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Kristina Wong, a Chinese-American woman, stands center, holding her phone in front of a projected map of the US.

Courtesy of La Jolla Playhouse

Social Media connected the “Aunties” during the pandemic.

Wong’s one-woman wonder

One-woman play about the pandemic unfolds at local theater

October 11, 2022

“Will you be generous in more than times of crisis?” 

In a single follow-spot, surrounded by giant spools of thread, pin cushions, and her Hello Kitty sewing machine, Kristina Wong ends her one-woman show at the La Jolla Playhouse by contemplating with the audience. Her series of questions ties together the 90 minutes of reflections, one-liners, and pandemic stories that make up Sweatshop Overlord, Wong’s original play, which runs until October 16.

Her performance starts with a built-in land acknowledgment and is a rollercoaster of emotions capturing her journey through the COVID-19 pandemic: 

Just days after the first shutdowns went into effect in 2020, Wong set up a community on Facebook that sought to provide handmade masks to essential workers and marginalized communities. The “Auntie Sewing Squad”, as it’s called, is a nationwide group of volunteers, seamstresses, and organizers that helped each other help others. The “Squad” hand-sewed masks from salvaged materials, donated elastics, and even lanyards to fulfill requests during the national shortages and supply chain issues. 

It became a full-time occupation for many “Aunties”, though they were not paid for their labor – hence the ironic term “sweatshop”. 

The show relives the intense emotions associated with the first wave: a time of unity and division, of grief and survival, and of vulnerability and incredible strength.

Despite the hardships and distance, empathy and community bloomed during this time. The “Squad” was a community that demonstrated this – many “Aunties” have said that the group and the work were what got them through quarantine. Upon watching the show, this life-saving aspect is easy to understand.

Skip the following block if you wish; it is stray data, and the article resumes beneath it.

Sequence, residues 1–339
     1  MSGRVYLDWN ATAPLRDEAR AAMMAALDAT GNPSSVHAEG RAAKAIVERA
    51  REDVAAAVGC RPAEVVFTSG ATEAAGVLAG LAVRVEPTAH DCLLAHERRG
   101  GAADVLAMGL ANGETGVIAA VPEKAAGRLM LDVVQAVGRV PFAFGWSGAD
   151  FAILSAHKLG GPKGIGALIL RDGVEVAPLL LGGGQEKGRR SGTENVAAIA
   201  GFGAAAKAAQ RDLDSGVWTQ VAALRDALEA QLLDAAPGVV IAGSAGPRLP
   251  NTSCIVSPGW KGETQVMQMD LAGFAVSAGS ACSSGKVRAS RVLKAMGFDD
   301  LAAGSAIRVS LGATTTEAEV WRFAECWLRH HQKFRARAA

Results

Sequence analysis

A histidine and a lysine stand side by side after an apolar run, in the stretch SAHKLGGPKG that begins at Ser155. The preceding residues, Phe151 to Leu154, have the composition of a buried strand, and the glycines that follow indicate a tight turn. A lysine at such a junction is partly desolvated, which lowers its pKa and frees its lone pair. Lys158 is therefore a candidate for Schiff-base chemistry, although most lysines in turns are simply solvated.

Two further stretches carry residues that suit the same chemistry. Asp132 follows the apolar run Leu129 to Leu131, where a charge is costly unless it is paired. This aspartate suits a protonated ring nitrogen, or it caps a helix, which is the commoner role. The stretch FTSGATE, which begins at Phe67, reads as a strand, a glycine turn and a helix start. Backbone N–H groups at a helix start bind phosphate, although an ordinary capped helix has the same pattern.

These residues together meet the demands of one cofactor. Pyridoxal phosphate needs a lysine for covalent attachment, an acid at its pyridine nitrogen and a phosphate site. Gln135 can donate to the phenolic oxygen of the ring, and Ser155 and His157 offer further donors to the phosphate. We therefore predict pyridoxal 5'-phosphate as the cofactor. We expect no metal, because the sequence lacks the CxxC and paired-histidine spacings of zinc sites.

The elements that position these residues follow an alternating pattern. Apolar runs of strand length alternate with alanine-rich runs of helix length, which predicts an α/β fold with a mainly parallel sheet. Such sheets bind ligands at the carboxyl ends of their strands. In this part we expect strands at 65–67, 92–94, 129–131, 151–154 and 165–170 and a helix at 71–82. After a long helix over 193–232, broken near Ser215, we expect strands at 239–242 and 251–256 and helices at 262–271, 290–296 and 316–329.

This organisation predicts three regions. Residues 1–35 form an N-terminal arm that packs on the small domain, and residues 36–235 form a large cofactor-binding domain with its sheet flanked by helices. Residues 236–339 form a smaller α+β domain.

Sweatshop Overlord is a one-woman show, the stage never feels empty. Wong’s energy easily reaches even the back balcony of the audience. The projections used are similar to those in Fandango for Butterflies (And Coyotes), the previous show at La Jolla Playhouse-to set the scene and bring up old memories. 

However, Sweatshop Overlord’s projections consist mainly of news segments and videos of events from the past few years. They range from the death of Supreme Court Justice Ruth Bader Ginsberg to the forest fires that swept the West Coast in 2020, and they are all projected on a wall of disposable masks.  

Wong portrays quarantine using a metaphor of war and combat that spans the whole play. She army crawls across the stage to get packages to the post office on time, shoots masks out of a t-shirt cannon, and her black coveralls convert into an armed neon zumba ensemble. 

The set, costumes, and projections came alive as other “actors” on stage, with Wong in conversation with them. The show is unique, intellectual, and hilarious: a must-see at the Playhouse for everyone. 

And the “Aunties” agree! Auntie Marissa, who had flown in to see the show from Phoenix, Arizona, reflected on how much she enjoyed Sweatshop Overlord during an after-show panel: “it’s like Kristina went into our chests, pulled out our hearts, shook it all up like a snowglobe, and put it all together”.

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    Steve BunyakOct 19, 2022 at 2:12 pm

    I really enjoyed this review–it made me want to see the show (which, sadly, has closed). The paragraph that begins, “The show relives …” is really powerful. You convincingly convey the following strengths of the show: “the state never feels empty,” “using a metaphor of war and combat,” and “set, costumes, and projections come alive as other ‘actors.'” Well done!

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